Headlight restoration

Once sanded, a headlamp is polished by machine with a compound, such as Scholl Concepts S3

Headlights are often referred to as the ‘eyes’ of a cars ‘face’ – they can define the look of a car, as well perform an essential function. Most modern cars have plastic headlights made from polycarbonate as they are more resistant to cracking than glass lenses. However, they are susceptible to fading and misting – this detracts from their appearance as well as their performance – in extreme cases this can lead to an MOT fail.

The damage is caused by a mixture of abrasion and UV light, the latter of which oxidises the surface. The good news is that this can normally be repaired using wet-sanding followed by machine polishing. There are various products on the market tailored for the home user, but these can have limited results and the lights often return to their previous state quickly.

In contrast, detailers can perform a proper repair which will last just as long as the lights did when they emerged from the factory. One important thing to consider is protection – from the factory the lights are covered in a lacquer which, once decayed or removed from the repair process, needs to be replaced with a suitable sealant – primarily to protect from future UV damage. There are a limited number of products on the market that are tailored specifically to headlights, though there are plenty of ceramic paint sealants that will offer decent protection.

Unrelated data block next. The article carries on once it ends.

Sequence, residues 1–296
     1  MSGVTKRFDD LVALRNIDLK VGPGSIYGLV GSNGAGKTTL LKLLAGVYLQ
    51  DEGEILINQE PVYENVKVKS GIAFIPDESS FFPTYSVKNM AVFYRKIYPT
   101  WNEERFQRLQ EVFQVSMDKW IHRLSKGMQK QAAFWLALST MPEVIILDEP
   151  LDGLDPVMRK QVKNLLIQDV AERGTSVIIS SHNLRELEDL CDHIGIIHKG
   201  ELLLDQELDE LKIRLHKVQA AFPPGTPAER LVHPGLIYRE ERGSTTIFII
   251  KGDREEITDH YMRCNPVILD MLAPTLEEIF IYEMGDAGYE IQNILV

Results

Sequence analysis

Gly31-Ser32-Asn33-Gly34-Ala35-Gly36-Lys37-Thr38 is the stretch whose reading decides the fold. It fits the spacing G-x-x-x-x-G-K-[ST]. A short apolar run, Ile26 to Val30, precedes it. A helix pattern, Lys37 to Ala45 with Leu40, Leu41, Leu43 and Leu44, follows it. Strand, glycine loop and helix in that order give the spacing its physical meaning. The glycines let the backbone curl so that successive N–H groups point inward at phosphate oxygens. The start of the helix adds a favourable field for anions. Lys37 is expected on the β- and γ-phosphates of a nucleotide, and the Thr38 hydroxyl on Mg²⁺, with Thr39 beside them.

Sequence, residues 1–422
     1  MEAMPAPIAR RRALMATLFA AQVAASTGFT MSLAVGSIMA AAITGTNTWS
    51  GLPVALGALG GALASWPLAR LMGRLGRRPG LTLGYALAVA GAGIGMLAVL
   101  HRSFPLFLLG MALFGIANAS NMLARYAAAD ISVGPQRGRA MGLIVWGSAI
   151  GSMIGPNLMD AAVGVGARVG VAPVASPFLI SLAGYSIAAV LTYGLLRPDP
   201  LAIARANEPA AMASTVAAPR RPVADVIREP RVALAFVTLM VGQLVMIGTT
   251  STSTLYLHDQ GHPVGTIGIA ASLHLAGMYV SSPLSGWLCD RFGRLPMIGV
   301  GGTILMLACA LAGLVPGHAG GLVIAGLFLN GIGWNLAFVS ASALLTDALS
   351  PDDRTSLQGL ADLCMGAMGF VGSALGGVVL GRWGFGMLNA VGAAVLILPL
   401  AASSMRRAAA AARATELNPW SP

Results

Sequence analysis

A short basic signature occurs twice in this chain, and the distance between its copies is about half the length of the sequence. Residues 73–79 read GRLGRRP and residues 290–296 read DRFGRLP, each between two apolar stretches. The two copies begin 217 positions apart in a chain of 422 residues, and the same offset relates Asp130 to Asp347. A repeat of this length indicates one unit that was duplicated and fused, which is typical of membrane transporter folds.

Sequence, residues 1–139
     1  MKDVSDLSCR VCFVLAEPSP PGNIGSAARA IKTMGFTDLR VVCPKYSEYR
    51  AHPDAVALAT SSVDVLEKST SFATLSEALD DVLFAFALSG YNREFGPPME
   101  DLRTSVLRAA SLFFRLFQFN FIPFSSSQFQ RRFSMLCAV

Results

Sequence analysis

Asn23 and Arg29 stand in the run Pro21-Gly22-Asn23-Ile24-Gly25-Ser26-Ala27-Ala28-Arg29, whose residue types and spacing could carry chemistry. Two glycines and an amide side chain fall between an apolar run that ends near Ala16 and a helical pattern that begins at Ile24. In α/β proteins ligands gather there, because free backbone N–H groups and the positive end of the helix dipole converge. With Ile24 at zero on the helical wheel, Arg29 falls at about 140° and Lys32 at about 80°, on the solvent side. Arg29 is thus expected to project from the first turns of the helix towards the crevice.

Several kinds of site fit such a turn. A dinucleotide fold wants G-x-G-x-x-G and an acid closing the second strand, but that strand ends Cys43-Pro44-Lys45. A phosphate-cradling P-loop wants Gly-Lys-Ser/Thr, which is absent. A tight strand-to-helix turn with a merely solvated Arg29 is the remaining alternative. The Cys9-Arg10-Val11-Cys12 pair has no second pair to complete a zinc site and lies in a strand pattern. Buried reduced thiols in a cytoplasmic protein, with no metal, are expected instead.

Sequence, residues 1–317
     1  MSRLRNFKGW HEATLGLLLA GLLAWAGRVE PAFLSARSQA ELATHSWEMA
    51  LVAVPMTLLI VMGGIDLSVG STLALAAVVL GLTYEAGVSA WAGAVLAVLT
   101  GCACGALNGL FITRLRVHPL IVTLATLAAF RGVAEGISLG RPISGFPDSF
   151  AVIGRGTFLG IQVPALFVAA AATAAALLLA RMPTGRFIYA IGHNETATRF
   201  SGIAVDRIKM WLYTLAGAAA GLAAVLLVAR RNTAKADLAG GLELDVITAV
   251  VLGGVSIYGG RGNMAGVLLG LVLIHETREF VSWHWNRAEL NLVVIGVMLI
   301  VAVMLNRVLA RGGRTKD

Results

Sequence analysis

In issue 1 of the Pro Detailer magazine we go through the basics, and in issue 4 there is a big article with a step by step guide – both worth a read if you are planning on attempting the process yourself.

The images above are before and after photos by Mike Ashby of Happy Headlights - these lights are off a Porsche 911 (996) and the benefits are clear to see

Some of the steps involved in restoring headlights as demonstrated by Grant of Scholl Concepts